I’m told that, when performed correctly, waterboarding brings on the sensations of drowning and imminent death as poured water cuts off airflow. The victim isn’t supposed to die—confession from the dead often being hard to obtain—so the water is withdrawn for breathing to resume. The sputtering subject is given renewed hope that death has been eluded because (s)he can breathe again. And then, BAM!, the water comes on again. To everyone but senior George W. Bush administration officials and Sean Hannity, waterboarding is torture.
You shouldn’t find inclined boards with restraints, towels, and blindfolds in corporate offices (though there are lots of pitchers of water…). That doesn’t mean, however, that the technique is not being applied in spirit every day all around the world, sometimes even unintentionally.
Maybe I’m unique, but in too many work situations I feel as though I am being drowned of hope that I can be productive, contribute as tasked, ultimately succeed, and so be suitably rewarded. It’s all much less physically threatening than the real thing but perhaps equally debilitating psychologically as genuine waterboarding. After all, for those of us not in a position to be tortured by radical groups or the CIA (redundant?), our career is the “life” at risk when the technique is being applied. Stay with me here.
A career life’s journey is to stay employed and progress upward while collecting the money needed to live in real life. At any given time though, we need the general purpose afforded by a job. And the “air” that sustains the career life is the tasks, projects, and activities that prove our value and provide a reason for remaining employed. Not to put too fine a point on it, successful completion of those tasks is what ensures that we will continue to have a job, a career, a life. Being reasonable people, we are committed to (successfully) performing our jobs: that is, to living. Anything that gets in the way of achieving our projects cuts off our “air.” That’s a problem.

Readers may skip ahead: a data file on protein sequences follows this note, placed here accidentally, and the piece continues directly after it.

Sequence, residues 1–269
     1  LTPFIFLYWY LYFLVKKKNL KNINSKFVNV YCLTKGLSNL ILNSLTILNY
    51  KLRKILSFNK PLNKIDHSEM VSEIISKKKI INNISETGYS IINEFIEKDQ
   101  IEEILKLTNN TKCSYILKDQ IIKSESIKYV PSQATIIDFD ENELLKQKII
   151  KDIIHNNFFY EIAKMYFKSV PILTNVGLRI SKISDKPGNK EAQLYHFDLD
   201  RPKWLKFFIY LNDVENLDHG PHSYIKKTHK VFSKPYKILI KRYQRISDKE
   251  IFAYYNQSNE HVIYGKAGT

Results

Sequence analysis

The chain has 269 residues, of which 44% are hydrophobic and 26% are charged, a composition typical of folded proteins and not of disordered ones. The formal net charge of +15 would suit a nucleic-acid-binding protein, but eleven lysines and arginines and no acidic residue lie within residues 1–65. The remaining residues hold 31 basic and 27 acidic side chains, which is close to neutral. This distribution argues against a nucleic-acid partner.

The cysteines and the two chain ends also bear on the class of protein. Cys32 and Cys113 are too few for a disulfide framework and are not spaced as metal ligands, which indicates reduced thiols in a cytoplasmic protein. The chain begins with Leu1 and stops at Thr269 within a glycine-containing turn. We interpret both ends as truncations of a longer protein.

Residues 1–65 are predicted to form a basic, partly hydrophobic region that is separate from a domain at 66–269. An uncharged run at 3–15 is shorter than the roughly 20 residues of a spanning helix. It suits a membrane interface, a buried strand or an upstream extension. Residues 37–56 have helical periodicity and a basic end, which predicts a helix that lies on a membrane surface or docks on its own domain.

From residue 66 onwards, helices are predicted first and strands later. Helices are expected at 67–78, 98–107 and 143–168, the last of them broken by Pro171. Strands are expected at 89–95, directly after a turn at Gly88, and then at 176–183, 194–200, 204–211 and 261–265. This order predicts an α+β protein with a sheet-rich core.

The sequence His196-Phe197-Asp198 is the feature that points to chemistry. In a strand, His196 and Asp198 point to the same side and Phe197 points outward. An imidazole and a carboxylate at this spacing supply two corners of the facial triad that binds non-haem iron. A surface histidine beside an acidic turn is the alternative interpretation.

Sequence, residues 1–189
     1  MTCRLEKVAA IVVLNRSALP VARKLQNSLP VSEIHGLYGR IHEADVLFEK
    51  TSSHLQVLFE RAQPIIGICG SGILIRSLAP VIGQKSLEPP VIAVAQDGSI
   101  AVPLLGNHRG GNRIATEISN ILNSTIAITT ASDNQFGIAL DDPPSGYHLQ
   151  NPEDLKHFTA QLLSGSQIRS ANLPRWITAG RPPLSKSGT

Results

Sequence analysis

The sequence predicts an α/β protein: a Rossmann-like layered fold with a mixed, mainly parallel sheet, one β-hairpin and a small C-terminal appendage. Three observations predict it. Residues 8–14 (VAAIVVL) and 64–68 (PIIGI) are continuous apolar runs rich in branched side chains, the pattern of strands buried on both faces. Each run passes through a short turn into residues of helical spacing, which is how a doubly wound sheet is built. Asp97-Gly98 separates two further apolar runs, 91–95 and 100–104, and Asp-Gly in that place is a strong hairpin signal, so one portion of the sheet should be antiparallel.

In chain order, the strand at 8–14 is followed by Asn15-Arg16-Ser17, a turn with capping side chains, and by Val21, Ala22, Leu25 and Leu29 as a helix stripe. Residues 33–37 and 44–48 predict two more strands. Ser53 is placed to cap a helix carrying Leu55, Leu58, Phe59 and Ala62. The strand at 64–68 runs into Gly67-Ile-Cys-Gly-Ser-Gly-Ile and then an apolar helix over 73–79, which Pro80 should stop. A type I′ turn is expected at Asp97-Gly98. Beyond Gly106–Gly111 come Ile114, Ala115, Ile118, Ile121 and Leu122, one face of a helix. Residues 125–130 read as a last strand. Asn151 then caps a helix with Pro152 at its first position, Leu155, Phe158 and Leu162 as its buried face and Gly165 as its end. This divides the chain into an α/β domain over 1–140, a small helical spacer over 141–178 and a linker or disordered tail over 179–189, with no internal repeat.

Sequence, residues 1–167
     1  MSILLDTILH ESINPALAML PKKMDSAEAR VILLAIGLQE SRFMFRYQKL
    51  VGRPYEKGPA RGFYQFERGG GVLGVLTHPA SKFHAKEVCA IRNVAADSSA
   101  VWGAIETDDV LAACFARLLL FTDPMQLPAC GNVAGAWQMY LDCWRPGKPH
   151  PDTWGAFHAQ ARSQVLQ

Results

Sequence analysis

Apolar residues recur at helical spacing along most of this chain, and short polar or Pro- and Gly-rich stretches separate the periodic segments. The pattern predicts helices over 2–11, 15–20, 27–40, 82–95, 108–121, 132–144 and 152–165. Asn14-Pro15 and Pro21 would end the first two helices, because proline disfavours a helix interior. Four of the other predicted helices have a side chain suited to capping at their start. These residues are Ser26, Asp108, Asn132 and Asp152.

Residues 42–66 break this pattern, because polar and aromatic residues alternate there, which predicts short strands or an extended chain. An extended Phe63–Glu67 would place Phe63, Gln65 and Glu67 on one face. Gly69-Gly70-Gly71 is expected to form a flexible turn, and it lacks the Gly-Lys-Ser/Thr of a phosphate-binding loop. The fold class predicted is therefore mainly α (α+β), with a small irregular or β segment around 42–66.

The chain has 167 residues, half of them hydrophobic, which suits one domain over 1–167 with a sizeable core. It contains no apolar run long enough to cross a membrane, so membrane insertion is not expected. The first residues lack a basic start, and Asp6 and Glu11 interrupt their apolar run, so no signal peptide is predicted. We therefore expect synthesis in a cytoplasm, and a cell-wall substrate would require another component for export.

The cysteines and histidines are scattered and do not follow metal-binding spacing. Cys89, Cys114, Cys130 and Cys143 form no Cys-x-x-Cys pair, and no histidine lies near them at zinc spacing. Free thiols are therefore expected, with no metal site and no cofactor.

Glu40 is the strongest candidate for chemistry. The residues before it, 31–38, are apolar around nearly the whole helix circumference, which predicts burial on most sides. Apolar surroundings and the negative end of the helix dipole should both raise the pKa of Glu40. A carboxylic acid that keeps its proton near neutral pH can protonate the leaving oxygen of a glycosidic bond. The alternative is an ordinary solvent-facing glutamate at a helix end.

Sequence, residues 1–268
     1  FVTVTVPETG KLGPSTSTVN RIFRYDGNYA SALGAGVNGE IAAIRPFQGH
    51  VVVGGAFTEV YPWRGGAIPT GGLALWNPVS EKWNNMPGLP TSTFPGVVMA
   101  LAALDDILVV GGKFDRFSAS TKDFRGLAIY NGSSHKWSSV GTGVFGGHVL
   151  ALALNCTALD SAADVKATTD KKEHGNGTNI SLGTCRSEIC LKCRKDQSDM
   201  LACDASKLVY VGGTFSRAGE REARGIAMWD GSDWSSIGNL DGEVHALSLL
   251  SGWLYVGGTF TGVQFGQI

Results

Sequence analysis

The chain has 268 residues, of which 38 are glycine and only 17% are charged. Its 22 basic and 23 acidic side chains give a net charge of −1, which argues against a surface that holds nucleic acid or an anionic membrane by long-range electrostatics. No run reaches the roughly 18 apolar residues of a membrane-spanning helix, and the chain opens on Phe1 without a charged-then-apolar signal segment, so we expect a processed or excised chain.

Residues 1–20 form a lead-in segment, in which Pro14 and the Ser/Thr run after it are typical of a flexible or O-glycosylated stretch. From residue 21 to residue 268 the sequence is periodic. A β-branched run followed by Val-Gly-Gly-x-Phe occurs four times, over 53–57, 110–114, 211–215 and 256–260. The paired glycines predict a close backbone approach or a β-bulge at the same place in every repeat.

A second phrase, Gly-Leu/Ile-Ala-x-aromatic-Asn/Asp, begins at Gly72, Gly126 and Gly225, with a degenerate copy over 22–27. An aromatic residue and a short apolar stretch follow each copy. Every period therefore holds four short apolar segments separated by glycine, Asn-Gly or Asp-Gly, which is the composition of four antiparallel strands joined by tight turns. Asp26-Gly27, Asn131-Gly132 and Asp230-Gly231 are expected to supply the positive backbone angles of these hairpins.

Within large institutions, those in power above us not only control our career life’s mission and success criteria, but they enable and should support it. At the abstract level of vision and mission statements, and in management bluster about what we (read: you) “have to do,” and “how we (read: you) need to do it,” and the “right things to be done,” we get encouragement in spades. At retreats and other executive rah rah sessions, at team meetings, and in regular interactions with our (highest) superiors, we all breathe the notional language of enablement, action, success, and so on. Like the air around us, it’s ubiquitous—and cheap.
At the level of enabling and supporting genuine action, however, many of us get career waterboarded. Seemingly capricious interference by those same managers, with well-meaning (one hopes) and textbook perfect yet practically ineffectual “directions” that support ongoing indecision, abruptly steals away the very air that jobs/tasks/projects—careers—need. The utter inconsistency between (a) what’s said and demanded, and (b) (in)actions that make achievement of objectives unlikely if not impossible is the soggy cloth over the face.
Surely, I can’t be the only one waterboarded like this over the years. For a long time and probably like most people, I’d simply lay back and let it happen. (It was coming; I couldn’t grow gills; so, best to let it wash through me.). I still do. But it weighs on me.
I think that like most people, I’m conscientious and want to succeed. The work that I do is not easy at the best of times; it certainly needs no unnecessary, added obstacles. Yet for too many years I’ve tried to rise to these challenges because I expected it was normal. Now I’m not so inclined. Even if what I’ve described is common, that’s hardly solid argument to say it’s “normal.” The Geneva Convention would probably frown on it too.
My guess is that organizational waterboarding is the result of the cavernous gap between saying and doing, between the ease of expressing desire in note-perfect business-speak and the responsibility of making messy choices in the midst of the fog of execution. It may also be a function of a culture of overeducated but practically inept leaders. (Fit managers, perhaps, but hardly leaders.) Besides, at every step in the hierarchy, since it’s not the leader’s air being cut off: no harm no foul. Not to worry, they get wet too.
Waterboarding has been a favoured technique for hundreds of years because it’s easy, effective for extracting compliance, and—unlike other alternatives—it leaves behind no tell-tale marks as evidence of its application. But damage is being done. It simply may not show up for a while. Since we are all on the same side, we might want to stop hurting ourselves.
Origianally written under the pseudonym, Justin Cayse.